Why we’re empowering young people to take the lead

CYCJ is a partner host for the National Leadership Network, a new initiative that will empower care experienced young people to become leaders in their community.  Ross Gibson reflects on the real meaning of leadership – and why taking a collaborative approach can lead to ‘something even greater’.

Leaders are everywhere; in politics, work, sport, groups, gangs, bands and more.  Some are better than others.  Some are much better.  What makes them successful depends on their ability not merely to say the right thing at the right time, but to know when not to say anything at all.  When to listen, to give someone the chance to have their say, and to acknowledge that they don’t have the answer, and – in the most impressive of leaders – when they aren’t even sure what the question is.

For me, leadership cannot be reduced to a one particular role or style.  It’s not limited to adults, or to those in power, or indeed to those who even know they are leading.  It is an intangible attribute that can be developed and borne by anyone, anywhere, in any circumstances.  Age certainly isn’t a barrier, with recent examples demonstrating the impact that young people can have when they walk the walk, rather than take the often-trod path chosen by adults who merely talk the talk.

When Greta Thunberg first took strike action in 2018, her simple act of removing herself from the classroom in protest against the inaction of those in power who perpetuate the climate crisis was very different from her actions in Glasgow last year.  Then, speaking to millions – perhaps billions – around the world she stood as the head of a global movement.  To begin with, she merely stood alone outside a school.

Closer to home, the direct action and campaigning undertaken by the Glasgow Girls to end the cruel and inhumane use of dawn raids not only pushed agents of the state to reflect on their conduct, but foregrounded behaviour which had become a stain on the way the Home Office treats children.  Not only did their campaign prevent the deportation of their friend, but I’d argue that without the Glasgow Girls it is possible we may never have seen the collective leadership we saw at Kenmure Street.

These are grand, narrative changing actions; but not every act of leadership is, nor needs to be.  A school pupil who steps in when another child is being bullied.  A young person who lobbies for improved leisure facilities.  A teenager who contributes to governmental consultation.  These too are ways in which the world can be influenced and shaped by the act of speaking up and taking a lead, and at CYCJ we want to encourage that as much as possible.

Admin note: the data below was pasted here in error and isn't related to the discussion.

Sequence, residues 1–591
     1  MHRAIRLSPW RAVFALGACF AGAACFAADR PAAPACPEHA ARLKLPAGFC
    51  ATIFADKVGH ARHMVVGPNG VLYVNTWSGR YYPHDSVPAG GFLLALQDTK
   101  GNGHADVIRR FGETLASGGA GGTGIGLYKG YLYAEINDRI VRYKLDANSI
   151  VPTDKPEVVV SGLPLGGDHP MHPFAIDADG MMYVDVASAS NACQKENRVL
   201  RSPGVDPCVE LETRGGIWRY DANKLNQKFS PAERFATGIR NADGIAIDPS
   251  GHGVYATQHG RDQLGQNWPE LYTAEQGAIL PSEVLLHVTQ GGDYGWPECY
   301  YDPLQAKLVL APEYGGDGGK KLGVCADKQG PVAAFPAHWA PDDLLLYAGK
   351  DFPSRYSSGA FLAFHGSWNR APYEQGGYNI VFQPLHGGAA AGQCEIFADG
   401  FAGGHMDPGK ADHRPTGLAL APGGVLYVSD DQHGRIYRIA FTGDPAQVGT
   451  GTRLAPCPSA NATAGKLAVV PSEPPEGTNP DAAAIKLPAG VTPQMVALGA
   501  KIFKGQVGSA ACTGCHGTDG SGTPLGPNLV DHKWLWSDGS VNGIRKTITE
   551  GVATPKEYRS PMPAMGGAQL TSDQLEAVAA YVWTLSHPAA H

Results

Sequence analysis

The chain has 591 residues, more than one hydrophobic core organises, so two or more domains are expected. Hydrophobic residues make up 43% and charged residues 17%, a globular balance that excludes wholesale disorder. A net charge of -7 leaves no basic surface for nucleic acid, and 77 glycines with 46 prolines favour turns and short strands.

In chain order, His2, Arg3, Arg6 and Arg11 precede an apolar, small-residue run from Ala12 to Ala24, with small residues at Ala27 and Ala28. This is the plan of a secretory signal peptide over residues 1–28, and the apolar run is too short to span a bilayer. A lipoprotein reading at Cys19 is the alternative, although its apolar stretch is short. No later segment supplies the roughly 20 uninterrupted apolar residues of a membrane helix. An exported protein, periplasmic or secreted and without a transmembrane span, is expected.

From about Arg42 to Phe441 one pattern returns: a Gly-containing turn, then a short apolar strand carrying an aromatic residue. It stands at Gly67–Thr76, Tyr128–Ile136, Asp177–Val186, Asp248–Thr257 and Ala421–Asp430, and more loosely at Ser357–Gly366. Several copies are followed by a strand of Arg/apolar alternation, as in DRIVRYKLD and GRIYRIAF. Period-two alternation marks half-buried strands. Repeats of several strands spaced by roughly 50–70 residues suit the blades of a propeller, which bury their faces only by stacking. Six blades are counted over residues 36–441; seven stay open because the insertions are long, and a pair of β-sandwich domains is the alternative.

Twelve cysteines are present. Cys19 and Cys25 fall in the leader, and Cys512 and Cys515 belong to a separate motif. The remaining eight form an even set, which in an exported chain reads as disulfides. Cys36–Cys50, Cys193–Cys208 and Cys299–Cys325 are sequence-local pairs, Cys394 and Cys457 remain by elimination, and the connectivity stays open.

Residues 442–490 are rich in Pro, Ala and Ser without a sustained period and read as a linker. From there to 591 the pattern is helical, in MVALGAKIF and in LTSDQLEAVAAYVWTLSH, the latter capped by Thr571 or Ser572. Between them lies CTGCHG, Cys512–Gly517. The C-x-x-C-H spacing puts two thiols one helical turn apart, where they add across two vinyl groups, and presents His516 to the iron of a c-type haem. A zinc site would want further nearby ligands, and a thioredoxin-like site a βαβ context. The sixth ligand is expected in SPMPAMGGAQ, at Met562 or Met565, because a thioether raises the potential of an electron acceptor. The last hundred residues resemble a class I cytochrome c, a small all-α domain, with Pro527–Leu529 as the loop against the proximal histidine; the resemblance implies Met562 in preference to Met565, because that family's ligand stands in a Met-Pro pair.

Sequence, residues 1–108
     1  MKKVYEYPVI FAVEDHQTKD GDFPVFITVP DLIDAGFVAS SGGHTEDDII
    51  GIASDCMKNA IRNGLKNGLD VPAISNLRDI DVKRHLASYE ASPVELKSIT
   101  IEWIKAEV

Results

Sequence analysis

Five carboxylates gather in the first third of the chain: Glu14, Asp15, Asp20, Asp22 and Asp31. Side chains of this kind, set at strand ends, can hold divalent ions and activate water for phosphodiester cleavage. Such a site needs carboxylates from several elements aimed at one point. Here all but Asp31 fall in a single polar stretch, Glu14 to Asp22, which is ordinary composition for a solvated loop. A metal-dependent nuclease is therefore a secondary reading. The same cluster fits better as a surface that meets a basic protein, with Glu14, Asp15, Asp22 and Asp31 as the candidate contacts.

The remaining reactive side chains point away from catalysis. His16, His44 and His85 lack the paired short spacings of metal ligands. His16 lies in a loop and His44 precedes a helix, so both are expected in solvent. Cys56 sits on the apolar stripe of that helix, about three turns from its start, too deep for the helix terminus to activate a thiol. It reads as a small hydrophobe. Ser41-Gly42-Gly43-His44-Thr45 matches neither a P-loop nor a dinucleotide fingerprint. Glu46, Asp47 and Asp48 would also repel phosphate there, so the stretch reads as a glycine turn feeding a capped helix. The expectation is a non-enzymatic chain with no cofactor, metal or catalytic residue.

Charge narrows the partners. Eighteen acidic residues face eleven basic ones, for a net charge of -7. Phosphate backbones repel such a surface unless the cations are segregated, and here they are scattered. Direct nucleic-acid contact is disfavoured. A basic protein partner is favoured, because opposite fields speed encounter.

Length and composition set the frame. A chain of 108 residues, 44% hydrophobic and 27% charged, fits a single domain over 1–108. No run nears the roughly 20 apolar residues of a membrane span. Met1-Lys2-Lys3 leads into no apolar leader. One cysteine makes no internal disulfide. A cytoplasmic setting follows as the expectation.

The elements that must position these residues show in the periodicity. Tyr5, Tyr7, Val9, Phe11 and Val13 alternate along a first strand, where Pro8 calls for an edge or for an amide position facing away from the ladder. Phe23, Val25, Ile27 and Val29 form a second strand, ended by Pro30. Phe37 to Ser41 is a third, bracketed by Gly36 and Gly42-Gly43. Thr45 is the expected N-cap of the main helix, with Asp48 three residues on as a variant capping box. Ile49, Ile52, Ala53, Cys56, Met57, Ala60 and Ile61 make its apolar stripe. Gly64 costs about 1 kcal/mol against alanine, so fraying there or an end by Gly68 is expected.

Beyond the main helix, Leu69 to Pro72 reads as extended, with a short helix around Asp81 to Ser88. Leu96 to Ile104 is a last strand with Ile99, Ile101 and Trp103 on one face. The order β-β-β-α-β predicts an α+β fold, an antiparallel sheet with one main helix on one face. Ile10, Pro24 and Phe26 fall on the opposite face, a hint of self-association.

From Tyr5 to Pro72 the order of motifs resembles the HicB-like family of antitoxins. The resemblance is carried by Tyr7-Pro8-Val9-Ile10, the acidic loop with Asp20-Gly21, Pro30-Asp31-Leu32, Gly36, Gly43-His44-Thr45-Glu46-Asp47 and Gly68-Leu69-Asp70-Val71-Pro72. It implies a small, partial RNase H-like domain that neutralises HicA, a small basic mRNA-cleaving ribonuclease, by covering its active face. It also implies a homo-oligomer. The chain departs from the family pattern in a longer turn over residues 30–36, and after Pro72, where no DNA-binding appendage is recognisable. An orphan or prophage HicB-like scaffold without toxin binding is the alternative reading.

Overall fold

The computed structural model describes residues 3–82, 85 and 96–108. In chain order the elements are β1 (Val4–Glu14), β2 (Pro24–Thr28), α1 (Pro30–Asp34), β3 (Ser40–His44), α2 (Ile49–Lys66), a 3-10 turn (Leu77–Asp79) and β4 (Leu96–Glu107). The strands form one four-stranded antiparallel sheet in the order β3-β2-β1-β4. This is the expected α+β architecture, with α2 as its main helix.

That’s why we are delighted to be partnering with Columba 1400, Resilience Learning Partnership, Staf, and Who Cares? Scotland to collaborate on a five year project which will see us assume responsibility for the National Leadership Network (NLN). Drawing on our expertise and position within our own fields, it is the hope that its sum of our parts will be greater than what we could otherwise have achieved if just one of us had been unilaterally leading on this project.  For those of you of a certain age the cartoon TV show Transformers may best articulate what we are hoping to achieve.  Like the Transformers, the five partner organisations are individually capable of playing our own role in creating a better landscape for children and young people.  But – like when Transformers combine and mix into a new, bigger entity – our aggregated powers and talents lead to the production of something even greater, and with increased impact.

But the Network isn’t really about organisations playing at being Autobots or Decepticons, but rather about using our collective spheres of influence to ensure that young people have opportunities to become leaders in whichever way they define leadership to be.  We’ll be led by the young people themselves, and the exact details of what we will collectively seek to do are still to be signed off by our young people’s steering group.  This is, of course, exactly how it should be.  NLN will look to support young people – particularly those from parts of our communities who are often denied the opportunity to become leaders – to acquire the confidence to find an issue they are passionate about, and want to change. It will then fall on the five constituent members of NLN to collectively support, train, promote and encourage those young people to fill the role of leader, to challenge the status quo and to speak up.

At CYCJ we have already seen the impact that Youth Justice Voices and STARR have had in changing policy, practice and attitudes due to their leadership.  They’ve spoken up just like Greta and the Glasgow Girls did, and their leadership has made lives better.  Now – with the help of NLN and our partners – we believe we can create the right environment for even more young people to transform society.

About our blogger

Ross Gibson is Practice Development Advisor for CYCJ. His focus of work includes young people’s participation in youth justice services, community alternatives to custody and secure care, youth justice input within higher and further education and identifying examples of creative practice.

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Children's and Young People's Centre for Justice
University of Strathclyde
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